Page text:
"In addition to these ethnographic observations, psychological studies tend to support the self-interested motives of secret society organizers and the general view that aggrandizer personality types dominated secret societies. Notably, Piff et al. (2012:4086) found that “upper-class individuals behave more unethically than lower-class individuals ... were more likely to take valued goods from others ... to lie in a negotiation ... to cheat to increase their chances of winning a prize ... and endorse unethical behavior at work.”They had “more favorable attitudes toward greed.” As will be shown, these are pre- cisely the kinds of attitudes that characterize secret society officials, as well as aggrandizers in general and sociopaths in particular (Hare 1993). Piff (2013) has also found that as wealth increases, the wealthy are more likely to feel entitled to good things, and that they see themselves as above normal laws and morals – an aspect of tribal and chiefly aggrandizers repeatedly observed by ethnographers (see Hayden 2014, 2016). These are also noted characteristics of many of the high-ranking secret society leaders to be described. The wealthy tend to morally defend greed and to be more indifferent to others. The more resources they have, the more they generally want and the more they prioritize their self-interests and are willing to do things to serve their self-interests. Clearly, not everyone in any given population has or had these attitudes, and such tendencies may be sharply curtailed where surpluses are less certain (e.g., the American Southwest). However, a small percentage of all populations do have aggrandizer traits strongly developed, and it seems that they, by and large, become the elites and gravitate toward positions of power, including memberships and high positions in secret societies.They are relent- lessly aggressive in getting what they want and in trying to change attitudes, norms, and rules to favor their strategies."

"As just noted, some ethnographers have viewed secret societies as developing out of tribal initiations (e.g.,Webster 1932). In contrast, on America’s Northwest
11 Coast, Drucker (1941:229–30) viewed secret societies as resulting from a fusion of shamanism,warfare,mythological elements,hereditary privileges,potlatching, and the guardian spirit complex. Garfield and Wingert (1977:46) also noted the strong resemblance of secret society initiations to individual guardian spirit quests, and one might add, shamanic initiations. Certainly, there were many shamanic elements in secret societies, including possession, throwing power, use of prestidigitation, curing, and often even the honorific title conferred on secret society members of “shaman” (Drucker 1941:229–30). In fact, Eliade (1964:313) stated that “the relations between shamanism and the various North American secret societies and mystical movements is decidedly complex and far from being solved.”“The chief difference between traditional shamanism and the secret societies lies in the fact that the latter are open to anyone who displays some predisposition to ecstasy, who is willing to pay the required fee, and, above all, who consents to submit to the necessary apprenticeship and initiatory ordeals” (Eliade 1964:314). Shamanic circles tend to be exclusive, whereas “secret societies ... display a quite marked spirit of proselytism that ... tends to abolish the special privilege of shamans” (Eliade 1964:314). In general,“shamans usually share in the activities of the most important secret societies, and sometimes take them over entirely” (Eliade 1964:315). Although the formal issue of how secret societies emerged can be debated (whether from shamanism, tribal initiations, military organizations, or other origins), this issue is not of critical importance to the focus of the present study, which is more concerned with why secret societies were created and what sociopolitical roles they played."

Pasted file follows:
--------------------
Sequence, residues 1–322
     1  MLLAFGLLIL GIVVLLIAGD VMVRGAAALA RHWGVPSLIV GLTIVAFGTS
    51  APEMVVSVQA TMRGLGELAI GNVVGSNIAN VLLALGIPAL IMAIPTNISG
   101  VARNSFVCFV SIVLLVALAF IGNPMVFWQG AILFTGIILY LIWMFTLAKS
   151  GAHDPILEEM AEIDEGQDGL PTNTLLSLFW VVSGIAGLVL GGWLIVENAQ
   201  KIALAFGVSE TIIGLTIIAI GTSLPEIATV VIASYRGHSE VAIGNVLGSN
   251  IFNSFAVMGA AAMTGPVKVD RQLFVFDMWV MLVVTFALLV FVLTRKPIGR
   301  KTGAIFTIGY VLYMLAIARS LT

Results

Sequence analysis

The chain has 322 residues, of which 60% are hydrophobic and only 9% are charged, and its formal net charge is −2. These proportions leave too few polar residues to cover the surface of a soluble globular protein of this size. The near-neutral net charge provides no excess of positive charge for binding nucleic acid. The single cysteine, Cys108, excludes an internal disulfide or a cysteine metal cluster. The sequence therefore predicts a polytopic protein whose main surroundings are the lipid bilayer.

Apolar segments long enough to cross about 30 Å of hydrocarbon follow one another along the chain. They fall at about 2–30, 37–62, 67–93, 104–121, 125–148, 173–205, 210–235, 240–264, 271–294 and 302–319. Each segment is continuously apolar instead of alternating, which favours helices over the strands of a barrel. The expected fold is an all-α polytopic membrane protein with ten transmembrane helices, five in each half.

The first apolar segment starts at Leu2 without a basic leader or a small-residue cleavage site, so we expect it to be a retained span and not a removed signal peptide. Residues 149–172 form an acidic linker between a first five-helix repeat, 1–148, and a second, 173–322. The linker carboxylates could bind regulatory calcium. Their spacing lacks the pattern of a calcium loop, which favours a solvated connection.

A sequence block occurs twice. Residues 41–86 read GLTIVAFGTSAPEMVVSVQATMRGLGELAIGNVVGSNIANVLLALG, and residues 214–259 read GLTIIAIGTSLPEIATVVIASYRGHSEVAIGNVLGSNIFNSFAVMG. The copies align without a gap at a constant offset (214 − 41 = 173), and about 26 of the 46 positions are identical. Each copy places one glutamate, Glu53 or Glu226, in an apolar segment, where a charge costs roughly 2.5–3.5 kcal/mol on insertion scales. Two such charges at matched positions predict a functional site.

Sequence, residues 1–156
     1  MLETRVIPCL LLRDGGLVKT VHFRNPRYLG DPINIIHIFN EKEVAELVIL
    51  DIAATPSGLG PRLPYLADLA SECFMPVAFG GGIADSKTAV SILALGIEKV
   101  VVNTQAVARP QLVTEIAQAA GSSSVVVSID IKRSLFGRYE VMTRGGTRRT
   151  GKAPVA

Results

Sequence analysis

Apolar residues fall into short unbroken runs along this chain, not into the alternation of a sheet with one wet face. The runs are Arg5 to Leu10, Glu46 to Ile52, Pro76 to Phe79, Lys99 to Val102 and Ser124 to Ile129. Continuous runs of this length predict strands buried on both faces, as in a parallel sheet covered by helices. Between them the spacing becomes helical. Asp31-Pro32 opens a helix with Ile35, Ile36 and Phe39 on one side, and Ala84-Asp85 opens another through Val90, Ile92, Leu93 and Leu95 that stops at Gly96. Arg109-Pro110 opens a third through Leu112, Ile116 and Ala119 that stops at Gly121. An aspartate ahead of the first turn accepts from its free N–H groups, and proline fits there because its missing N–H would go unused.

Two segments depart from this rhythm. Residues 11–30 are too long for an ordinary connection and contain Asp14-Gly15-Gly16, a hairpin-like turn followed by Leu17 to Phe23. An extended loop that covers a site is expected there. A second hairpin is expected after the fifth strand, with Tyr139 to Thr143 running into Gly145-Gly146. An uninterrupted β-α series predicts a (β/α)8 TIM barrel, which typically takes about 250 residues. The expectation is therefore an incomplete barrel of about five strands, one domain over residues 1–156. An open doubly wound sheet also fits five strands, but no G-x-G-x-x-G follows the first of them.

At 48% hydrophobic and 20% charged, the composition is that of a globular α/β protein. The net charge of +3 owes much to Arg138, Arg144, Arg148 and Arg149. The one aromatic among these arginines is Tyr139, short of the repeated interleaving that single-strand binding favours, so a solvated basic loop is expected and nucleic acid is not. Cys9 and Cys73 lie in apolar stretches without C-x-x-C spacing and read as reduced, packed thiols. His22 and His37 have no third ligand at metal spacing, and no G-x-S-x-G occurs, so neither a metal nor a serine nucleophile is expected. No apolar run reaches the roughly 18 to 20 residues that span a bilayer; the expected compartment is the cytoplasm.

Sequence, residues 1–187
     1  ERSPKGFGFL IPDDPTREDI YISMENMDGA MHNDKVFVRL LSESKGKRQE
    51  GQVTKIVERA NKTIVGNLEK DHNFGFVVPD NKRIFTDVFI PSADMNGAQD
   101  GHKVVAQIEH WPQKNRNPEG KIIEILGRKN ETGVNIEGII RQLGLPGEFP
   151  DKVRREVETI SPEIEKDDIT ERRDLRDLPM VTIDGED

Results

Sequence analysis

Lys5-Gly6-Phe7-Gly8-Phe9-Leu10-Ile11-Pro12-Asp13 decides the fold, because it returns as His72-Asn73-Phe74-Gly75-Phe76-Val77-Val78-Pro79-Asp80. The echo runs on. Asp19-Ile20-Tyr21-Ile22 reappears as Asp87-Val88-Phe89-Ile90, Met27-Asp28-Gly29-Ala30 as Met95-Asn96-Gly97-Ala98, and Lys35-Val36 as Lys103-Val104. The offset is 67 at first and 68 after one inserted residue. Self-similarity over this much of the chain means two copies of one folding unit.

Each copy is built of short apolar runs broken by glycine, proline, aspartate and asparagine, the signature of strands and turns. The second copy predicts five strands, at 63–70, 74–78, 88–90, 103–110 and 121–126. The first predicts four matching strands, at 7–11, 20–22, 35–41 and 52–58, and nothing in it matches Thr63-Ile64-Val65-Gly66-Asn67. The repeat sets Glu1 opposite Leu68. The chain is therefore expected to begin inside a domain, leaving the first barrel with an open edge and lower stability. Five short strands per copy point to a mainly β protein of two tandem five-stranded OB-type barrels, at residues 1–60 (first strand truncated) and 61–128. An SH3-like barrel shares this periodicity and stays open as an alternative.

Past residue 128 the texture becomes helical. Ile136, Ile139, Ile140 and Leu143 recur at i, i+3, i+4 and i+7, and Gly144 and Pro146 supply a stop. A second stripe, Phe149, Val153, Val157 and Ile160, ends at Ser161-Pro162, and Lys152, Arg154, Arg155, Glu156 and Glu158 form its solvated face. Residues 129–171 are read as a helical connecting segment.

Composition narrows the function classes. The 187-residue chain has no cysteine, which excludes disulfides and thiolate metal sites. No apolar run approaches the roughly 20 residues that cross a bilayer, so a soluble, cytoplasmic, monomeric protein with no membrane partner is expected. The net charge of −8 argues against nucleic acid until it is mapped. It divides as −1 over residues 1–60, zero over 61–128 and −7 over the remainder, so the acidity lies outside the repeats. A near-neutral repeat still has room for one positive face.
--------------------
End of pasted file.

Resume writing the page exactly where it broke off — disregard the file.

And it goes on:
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#3
Nice interview. I wish more time had been spent on the topic of evil, but understand why background discussion had to be engaged first.

I note that Dr. Hayden agrees with me that psychopaths represent actual evil. I wonder if he has ever known one well. I read an interview with some Eskimo shaman wherein he stated that someone like a psychopath would not be tolerated in the old days. Such a person would have been pushed off an ice flow. Done and gone. Simple.

Also of interest to me is that he says that the concept of evil didn't exist in primitive societies. My hypothesis is that primitive societies and people were a lot more attuned to the law of the jungle and primal forces (the image of Aztecs cutting out captives' hearts until literal rivers of blood ran down the temple really stands out in my mind). The concept of evil becomes more prominent when people become attuned to higher potentials of human consciousness; not the aspects that permit one to be able to create whirlwinds inside a house, but those that engender agape and peace. Once again, I think the transformative power of Christianity (and albeit of lesser power at the societal level, in the east, of Buddhism) is severely underestimated. It is only when you know the Light that the Dark becomes more apparent. I'm not a Christian per se, but I recognize this.